I told Alan not long ago, moments after we’d been nearly sideswiped, at freeway speeds, by a driver whose inattentiveness to the road was inversely proportional to her attentiveness to her phone call: “The miracle is that we don’t have six fatalities a day around here.” And the scariest thing about our near-miss? I don’t think the driver even knew it happened. She was too busy blah-blahing.
Yesterday I came as close as I ever have to becoming a smear on the road. Pedaling my bike down to the library, on the sort of semi-deserted suburban street that I love to ride on, I approached an intersection. I had the right-of-way. A minivan rolling down the side street seemed to be slowing. I went on across. The minivan kept rolling. I threw up my hand in the universal gesture known to Supremes fans everywhere: Stop stop for the love of God stop you idiot I’m so much smaller than you. The driver slammed on the brakes, and stopped a whole 24 inches from my right hip.
You know the punchline, don’t you? Cell phone.
I swear, I’m going to start packing a sawed-off shotgun, loaded with a peppery birdshot, maybe rock salt. Nothing lethal, just something to get their attention.
Well, I always suspected exercise would kill me someday.
Our old pal Adrianne called yesterday, who may be the last newspaper editor in America who’s having a good time at her job. Why? She works for a tabloid, in upstate New York. Tabs still know how to have fun. Big news up in her neck of the Hudson Valley these days — the death of Moses Teitelbaum, the rebbe of the Satmar Hassidim, a branch of which lives in Kiryas Joel, a little village in their circulation area.
“You have your unusual locals in the Amish,” she often tells me. “We have the Hassidim.”
Anyway, the death of an orthodox Jewish leader with devoted followers in two places creates its own news — there were services in New York, then a sprint up to KJ for a second funeral, at 3:30 a.m., so that he could be buried before sunrise in keeping with Jewish tradition. And there was traffic and charter buses and lawsuits, and, of course, the politicians. Gov. Pataki showed up to pay his respects.
“You should see our front page,” she said. “A picture of these kids in sidelocks lined up, and a headline: GUESS WHO’S COMING TO SHIVA?”
Tabs have all the fun.
I once saw some research, very cutting-edge for the time, that wired up a bunch of volunteers with these devices that would track, with some precision, where and how their eyes moved as they read the paper. The idea was to discover, without relying on personal reporting, exactly what things people read as they looked at their hometown daily. When the research was presented, each element on the page — from the 2D page number at the top to the credit lines on photos — had a number next to it, indicating the percentage of people whose eyes stopped long enough to indicate they might have actually read it.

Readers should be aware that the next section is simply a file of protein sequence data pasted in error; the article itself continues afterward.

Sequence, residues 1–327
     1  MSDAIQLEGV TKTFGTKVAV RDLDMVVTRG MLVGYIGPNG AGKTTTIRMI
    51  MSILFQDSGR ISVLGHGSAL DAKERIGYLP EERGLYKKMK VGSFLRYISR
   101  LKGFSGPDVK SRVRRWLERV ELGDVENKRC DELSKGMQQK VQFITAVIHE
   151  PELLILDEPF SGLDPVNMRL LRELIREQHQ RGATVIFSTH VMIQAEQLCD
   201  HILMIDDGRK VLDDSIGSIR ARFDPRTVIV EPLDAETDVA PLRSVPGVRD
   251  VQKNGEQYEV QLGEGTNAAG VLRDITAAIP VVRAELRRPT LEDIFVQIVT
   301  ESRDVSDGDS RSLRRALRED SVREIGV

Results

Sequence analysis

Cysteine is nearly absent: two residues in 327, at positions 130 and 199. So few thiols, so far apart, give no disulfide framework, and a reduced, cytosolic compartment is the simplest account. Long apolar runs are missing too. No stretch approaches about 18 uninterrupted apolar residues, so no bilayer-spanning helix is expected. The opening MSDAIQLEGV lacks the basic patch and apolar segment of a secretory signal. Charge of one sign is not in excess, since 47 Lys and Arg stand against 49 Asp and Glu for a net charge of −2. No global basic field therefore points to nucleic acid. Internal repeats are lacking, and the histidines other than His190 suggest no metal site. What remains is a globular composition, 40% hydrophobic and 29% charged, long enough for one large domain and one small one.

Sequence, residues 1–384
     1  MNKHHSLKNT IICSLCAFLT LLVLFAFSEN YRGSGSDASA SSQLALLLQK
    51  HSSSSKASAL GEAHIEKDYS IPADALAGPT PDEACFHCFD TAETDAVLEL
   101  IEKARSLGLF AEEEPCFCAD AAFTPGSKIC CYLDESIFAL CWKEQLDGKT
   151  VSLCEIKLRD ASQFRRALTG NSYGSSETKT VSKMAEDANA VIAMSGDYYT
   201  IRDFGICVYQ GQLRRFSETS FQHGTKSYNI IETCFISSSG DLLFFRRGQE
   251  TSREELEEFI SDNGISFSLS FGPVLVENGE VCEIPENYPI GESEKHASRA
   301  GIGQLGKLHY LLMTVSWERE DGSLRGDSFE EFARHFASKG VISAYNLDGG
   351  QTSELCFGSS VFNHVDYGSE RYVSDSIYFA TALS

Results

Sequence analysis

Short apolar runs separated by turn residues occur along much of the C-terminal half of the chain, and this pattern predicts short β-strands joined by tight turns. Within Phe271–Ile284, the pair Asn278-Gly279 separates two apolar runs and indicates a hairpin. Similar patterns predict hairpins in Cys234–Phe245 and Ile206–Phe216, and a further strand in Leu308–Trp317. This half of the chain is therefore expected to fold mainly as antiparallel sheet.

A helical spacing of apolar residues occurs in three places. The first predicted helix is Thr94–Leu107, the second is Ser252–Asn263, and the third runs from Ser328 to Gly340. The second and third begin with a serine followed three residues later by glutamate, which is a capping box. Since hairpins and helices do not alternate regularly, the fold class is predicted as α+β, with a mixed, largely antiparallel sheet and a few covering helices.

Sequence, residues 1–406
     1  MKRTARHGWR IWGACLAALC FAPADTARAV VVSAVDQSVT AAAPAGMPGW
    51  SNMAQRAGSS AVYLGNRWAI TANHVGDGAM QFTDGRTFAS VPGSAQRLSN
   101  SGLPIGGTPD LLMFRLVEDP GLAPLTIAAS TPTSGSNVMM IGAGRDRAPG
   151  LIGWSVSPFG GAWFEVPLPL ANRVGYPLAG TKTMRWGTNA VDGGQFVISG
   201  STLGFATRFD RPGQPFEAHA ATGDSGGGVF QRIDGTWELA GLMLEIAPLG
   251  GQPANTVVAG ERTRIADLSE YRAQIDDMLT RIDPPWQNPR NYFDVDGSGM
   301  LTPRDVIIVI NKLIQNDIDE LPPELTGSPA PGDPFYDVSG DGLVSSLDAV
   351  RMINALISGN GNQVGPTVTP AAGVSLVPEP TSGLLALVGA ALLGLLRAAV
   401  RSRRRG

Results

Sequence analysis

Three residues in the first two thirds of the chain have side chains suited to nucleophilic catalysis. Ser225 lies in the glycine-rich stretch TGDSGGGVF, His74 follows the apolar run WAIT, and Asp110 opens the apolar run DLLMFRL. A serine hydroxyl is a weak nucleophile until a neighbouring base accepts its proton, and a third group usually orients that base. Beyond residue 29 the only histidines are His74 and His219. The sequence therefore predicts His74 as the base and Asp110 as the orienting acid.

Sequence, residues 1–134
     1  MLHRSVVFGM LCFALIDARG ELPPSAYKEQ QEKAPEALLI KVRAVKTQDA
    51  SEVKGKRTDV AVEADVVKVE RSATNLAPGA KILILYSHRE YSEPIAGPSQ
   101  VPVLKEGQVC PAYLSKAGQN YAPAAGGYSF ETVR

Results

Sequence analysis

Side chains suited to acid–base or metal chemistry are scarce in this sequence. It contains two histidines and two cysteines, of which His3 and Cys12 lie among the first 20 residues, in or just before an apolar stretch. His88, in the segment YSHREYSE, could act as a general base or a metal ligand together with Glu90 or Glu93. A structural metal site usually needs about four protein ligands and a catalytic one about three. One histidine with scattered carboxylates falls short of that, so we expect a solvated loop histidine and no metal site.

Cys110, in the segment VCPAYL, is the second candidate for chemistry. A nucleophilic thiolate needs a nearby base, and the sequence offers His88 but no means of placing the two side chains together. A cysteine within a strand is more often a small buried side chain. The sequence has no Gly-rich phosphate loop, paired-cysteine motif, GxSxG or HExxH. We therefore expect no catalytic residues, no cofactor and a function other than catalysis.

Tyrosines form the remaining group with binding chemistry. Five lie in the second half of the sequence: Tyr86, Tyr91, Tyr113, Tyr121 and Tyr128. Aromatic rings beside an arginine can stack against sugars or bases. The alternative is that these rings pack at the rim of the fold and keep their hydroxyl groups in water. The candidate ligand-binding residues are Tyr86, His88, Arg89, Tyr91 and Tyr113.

One page had a left-rail digest of short items, marching all the way down the page. Each item had a number somewhere between 17 and 19 percent, except for two, which were up in the 40 percent range. The headline on one was something like “Sex charges filed against parolee” and the other, “Nude body found in field.” I think this indicates, with some authority, that if you want someone to read your work, slap a headline on it featuring the words “sex” or “nude.”
Note that I haven’t done it for this item, as all good webmasters know that doing so is like sending an engraved invitation asking for spam-bots to stop by. Some readers you don’t want.
But my point — and I do have one — is that headlines matter, whether it’s GUESS WHO’S COMING TO SHIVA or NUDE SEX AT COUNCIL MEETING. And yet, when I was writing them, the question we most often asked one another was, “Is this offensive? Should we tone this down?”
OK, I’ll stop. Off for another bike ride. If I’m killed by a distracted, cell phone-yakking, minivan driver, I’d like this headline, please: CYCLIST STRANGLES DRIVER BEFORE DYING OF INJURIES.